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Review: Drybar Straight Shot Blow-Drying Flat Iron

Drybar's hybrid tool won't replace your straightener, but it can cut your routine in half for certain hair types.
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DryBar Straight Shot Blow Drying Flat Iron
Photograph: DryBar
Drybar Straight Shot Blow-Drying Flat Iron
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Has three different temperature settings. Uses gentle heat. Cuts time off hair routine. Works well with wavy hair, short and long. Replaces my hair dryer.
Doesn't replace my straightener. Tufted bristles accumulate debris. Can be tough to dry roots. Slight learning curve. Might not work on all hair types.

my wavy hair is only manageable when it's straightened. Every other method has failed at taming the unruliness. Letting it air-dry results in nice curlicues, but over time it gets super frizzy and knotted. It also sheds like crazy. Using a hair dryer gives me the same results as sticking my finger in an electrical socket. This is why my hair is usually in a ponytail or bun.

If I want to look somewhat presentable, I have no choice but to break out the straightening iron after I shower. But I have to complete a lot of steps before I can even think about heating it up: washing it, detangling it, blow drying it, and brushing it. The entire process usually takes me around 40 minutes (an hour on slower days). It's exhausting. I'm constantly looking for ways to cut down my routine—which includes constantly scouring the internet for new hair tools or products.

I was ecstatic when two-in-one devices like the Revlon One-Step hair dryer started to crop up. Due to my lack of hand-eye coordination, I've always struggled to use a round brush and hair dryer simultaneously to achieve the salon-style blowout. But I couldn't grasp the mechanics of the One-Step either. I returned to my previous routine, feeling defeated.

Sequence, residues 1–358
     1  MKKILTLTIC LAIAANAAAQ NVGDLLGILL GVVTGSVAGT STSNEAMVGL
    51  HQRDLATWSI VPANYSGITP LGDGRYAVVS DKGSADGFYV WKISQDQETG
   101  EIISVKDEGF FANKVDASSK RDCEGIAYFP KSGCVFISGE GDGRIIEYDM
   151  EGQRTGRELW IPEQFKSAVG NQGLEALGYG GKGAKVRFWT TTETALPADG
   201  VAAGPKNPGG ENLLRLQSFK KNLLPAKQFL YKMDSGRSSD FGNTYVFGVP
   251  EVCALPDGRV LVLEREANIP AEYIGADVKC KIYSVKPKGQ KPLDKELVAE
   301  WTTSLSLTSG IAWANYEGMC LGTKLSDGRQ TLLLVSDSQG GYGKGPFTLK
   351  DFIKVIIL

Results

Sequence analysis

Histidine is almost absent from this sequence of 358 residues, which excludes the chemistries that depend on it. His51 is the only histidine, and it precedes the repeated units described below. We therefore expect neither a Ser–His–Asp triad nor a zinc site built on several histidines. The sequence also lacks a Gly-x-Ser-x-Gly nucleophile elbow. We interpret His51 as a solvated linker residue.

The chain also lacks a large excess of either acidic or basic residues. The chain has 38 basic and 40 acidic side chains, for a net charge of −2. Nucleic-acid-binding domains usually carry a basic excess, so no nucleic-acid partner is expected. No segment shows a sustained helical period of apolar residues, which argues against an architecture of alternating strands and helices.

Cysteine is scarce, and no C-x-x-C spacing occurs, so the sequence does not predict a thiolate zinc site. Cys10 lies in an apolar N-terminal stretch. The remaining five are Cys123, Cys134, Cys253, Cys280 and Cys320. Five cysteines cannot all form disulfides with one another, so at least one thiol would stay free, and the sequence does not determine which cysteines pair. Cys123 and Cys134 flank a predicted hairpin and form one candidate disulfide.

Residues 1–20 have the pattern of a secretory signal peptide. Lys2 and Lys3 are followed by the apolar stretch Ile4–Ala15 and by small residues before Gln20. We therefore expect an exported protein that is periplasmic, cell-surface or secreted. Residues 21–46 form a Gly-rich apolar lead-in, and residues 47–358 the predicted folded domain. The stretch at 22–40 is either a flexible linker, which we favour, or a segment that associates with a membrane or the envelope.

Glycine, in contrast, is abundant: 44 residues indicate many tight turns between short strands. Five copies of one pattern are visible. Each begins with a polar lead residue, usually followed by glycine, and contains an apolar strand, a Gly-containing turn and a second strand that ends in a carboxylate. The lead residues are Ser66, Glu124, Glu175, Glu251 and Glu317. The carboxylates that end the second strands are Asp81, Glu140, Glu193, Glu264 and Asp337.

While scrolling through Drybar's website one day, I stumbled upon the Straight Shot Blow-Drying Flat Iron. A hairdryer and straightening iron hybrid, it packs the airflow of a blow dryer into the build of a flat iron. I was thrilled to find a multipurpose hair tool that would replace the two I already use regularly. Having used it for two months now, I can report that it doesn't replace my straightener, as I hoped it would, and there's a slight learning curve. But it helps me style my hair in record time.

Practice May Be Required
Photograph: DryBar

The Straight Shot is a lot larger than the 1-inch flat iron I'm accustomed to. It measures 4 inches on each side, while on the inside are two 1.25-inch wide titanium plates. The plates don't spring open automatically, though. Similar to a curling iron, there's a clamp you have to press down on to open the tool each time. It's different, but I like that it gives you the ability to open it as little or as wide as you need to, depending on how thick your hair is.

It works the same as a traditional flat iron. Simply section your hair, power it on, and clamp your hair in between the plates starting at the root. Then, slowly pull the hair tool down until you reach the ends, and repeat as necessary. If you're having flashbacks of witnessing your hair sizzle while using the wet-to-dry straighteners from the mid-2000s, you can rest assured the Straight Shot consists mostly of air vents placed strategically throughout. So, the heat plates are assisted by hot air.

Having gone through a lot of different flat irons over the years, all of which vary in plate size and heat settings. I assumed using the Straight Shot would feel similar to the ones I've used before—somewhat slim, lightweight, and ergonomic. And it is, for the most part. But I was slightly taken aback when I unboxed it to find a behemoth of a hair tool. It took a few tries before it started to feel intuitive.

If, like me, you consult TikTok before making purchases, you might notice that almost every video highlights how effortless the Straight Shot is. But I didn't have the easiest time in the beginning. The first time I used it, I ran into a bunch of issues. It was difficult to clamp my thick, long strands between the plates properly; the hot air was irritating my skin (caused by aiming it too close to my neck); and I couldn't fully reach my roots. This thing was too large and unwieldy. I was quickly losing hope.